The stress when debt and relationships collide

posted by in Living with debt

At the root of much of the stresses of modern life are two things: money and relationships. When these go wrong, the consequences can be disastrous.

Our client Trudy is a single mum who fell into unmanageable debt a couple of years ago. She initially went with a fee-charging debt management company before speaking to us. She now sees a light at the end of the tunnel.

“It’s not the end of the world.”

– Trudy

Her problems – and those of many people we speak with – were in part caused by a breakdown of a relationship, and it nearly cost her her life.

Her experiences touch on three areas of money and relationships that cause untold stress.

1. Women are twice as likely as men to be in debt due to divorce or separation

Women, men, separation and divorce

Women twice as likely to be in debt after separation

We’ve found that divorce and separation weighs heavily on women. As this graphic shows, the proportion of women who encounter financial difficulty due to separation or divorce is almost double that of men (12.5% compared to 6.8%).

And as the woman is more likely to be the one “left holding the baby” the stress of the debt can be immense.

2. One in four clients struggled with their debts alone

One in four dealt with debts alone

One in four dealt with debts alone

Even when a relationship is strong it’s still difficult to talk about money. As the above graphic shows, 25% of people suffer alone, unable to talk with anyone about their debts. This can be through being single (like Trudy), or being afraid of what the truth will do to the relationship.

An interesting example of this is the number of DMP clients who don’t receive our monthly newsletter. Tens of thousands don’t receive our emails because they’ve indicated that their partner is unaware of their predicament and want to keep it secret from them. While this number has fallen in recent years there is still a large minority of our clients who keep their debt problem quiet.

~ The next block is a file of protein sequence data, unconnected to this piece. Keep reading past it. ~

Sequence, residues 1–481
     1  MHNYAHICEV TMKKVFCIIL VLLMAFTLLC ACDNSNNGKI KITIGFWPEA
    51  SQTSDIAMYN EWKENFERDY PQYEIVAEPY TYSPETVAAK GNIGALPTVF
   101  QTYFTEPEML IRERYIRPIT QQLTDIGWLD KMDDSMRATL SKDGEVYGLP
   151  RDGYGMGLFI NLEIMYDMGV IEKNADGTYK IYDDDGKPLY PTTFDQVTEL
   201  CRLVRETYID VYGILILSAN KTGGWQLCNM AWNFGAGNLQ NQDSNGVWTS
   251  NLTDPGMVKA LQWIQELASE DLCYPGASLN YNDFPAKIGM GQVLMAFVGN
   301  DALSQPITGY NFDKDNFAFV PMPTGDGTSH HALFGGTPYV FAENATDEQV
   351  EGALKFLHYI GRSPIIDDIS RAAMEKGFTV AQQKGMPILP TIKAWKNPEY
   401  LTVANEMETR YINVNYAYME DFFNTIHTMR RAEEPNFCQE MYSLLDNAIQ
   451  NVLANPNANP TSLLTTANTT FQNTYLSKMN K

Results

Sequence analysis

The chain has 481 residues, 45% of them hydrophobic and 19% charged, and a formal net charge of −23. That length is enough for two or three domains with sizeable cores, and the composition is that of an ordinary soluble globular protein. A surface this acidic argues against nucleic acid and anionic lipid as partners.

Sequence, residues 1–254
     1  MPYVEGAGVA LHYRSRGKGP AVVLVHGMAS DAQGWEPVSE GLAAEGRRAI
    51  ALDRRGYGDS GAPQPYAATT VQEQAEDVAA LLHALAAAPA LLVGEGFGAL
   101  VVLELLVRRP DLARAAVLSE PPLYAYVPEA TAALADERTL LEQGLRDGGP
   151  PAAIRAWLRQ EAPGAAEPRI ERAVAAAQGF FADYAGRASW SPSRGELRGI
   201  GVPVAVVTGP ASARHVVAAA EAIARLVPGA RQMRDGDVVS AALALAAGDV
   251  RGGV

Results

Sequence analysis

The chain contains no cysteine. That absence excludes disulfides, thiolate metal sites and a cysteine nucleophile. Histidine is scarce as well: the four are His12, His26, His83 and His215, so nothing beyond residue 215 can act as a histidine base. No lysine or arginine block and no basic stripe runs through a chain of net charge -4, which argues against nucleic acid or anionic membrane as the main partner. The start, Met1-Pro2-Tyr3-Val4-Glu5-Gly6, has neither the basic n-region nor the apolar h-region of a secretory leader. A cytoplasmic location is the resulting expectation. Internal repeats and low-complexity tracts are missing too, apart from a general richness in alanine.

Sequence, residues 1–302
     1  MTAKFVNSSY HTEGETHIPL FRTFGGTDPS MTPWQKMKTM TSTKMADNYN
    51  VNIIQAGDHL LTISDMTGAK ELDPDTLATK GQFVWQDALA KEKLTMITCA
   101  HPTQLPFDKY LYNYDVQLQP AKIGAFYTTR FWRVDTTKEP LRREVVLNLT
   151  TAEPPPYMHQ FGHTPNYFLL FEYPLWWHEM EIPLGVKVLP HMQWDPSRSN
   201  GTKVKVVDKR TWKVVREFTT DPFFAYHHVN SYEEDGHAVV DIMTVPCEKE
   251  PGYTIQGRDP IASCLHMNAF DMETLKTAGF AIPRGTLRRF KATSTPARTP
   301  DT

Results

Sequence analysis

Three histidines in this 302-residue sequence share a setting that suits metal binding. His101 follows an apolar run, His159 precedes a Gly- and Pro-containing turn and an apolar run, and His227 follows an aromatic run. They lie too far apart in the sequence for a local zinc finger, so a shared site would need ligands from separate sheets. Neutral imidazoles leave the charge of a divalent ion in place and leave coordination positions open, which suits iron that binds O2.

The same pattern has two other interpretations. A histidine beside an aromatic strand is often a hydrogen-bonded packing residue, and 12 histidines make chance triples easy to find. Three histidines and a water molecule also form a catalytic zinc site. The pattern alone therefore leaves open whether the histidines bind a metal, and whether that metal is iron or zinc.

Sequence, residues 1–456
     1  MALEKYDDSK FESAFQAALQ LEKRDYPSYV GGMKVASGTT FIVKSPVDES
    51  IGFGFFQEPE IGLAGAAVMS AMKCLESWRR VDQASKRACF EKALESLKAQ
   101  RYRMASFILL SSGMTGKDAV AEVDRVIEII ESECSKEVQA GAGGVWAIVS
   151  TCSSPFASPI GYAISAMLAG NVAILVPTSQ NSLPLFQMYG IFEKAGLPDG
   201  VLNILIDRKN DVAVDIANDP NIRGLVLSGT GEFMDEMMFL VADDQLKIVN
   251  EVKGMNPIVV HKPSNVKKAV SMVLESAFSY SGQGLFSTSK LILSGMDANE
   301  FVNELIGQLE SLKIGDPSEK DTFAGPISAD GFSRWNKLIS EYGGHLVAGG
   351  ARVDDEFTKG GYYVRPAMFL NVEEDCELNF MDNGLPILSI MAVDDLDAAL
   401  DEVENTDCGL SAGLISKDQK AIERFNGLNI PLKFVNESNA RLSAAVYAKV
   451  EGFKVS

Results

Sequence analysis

Keeping debts from loved ones heightens stress levels even further, multiplying mental health issues.

3. Almost half of debtors wait more than a year after realising their debts are a problem before seeking professional debt help

Nearly half of debtors waited a year

Nearly half of debtors waited a year

Finally, there’s the stress over the delay in searching for debt help. As we’ve talked about before, 45% of clients waited over a year before seeking debt help.

That meant that they suffered for a year or more, racking up interest and charges, before they contacted a debt organisation.

Again, this impacts negatively on mental health.

4. We were contacted by over 350,000 people in 2011

We were contacted by over 350,000 people last year

We were contacted by over 350,000 people in 2011

The important outcome was this: We were contacted by over 350,000 people last year, of which Trudy was one. These people were living under the stress of debt, some of them made worse by the stress of relationship breakdown, keeping quiet, or brushing the issue under the carpet.

We can help you if you have a debt problem, and by doing this we can help relieve some of the stress associated. If you don’t want to talk with anyone, use our online advice service Debt Remedy. After you finish Debt Remedy you can to use our Wellbeing tool, to help you assess the current state of your mental health.

Don’t let stress worsen your existing debt problem. We helped Trudy and over 350,000 others last year. We can help you.

Peer’s the digital content manager at StepChange Debt Charity. Apart from contributing to the MoneyAware blog and overseeing the charity’s website and social media content, he’s walked to the top of every mountain and hill in the Lake District. Twice.

Written by

Tags Living with debt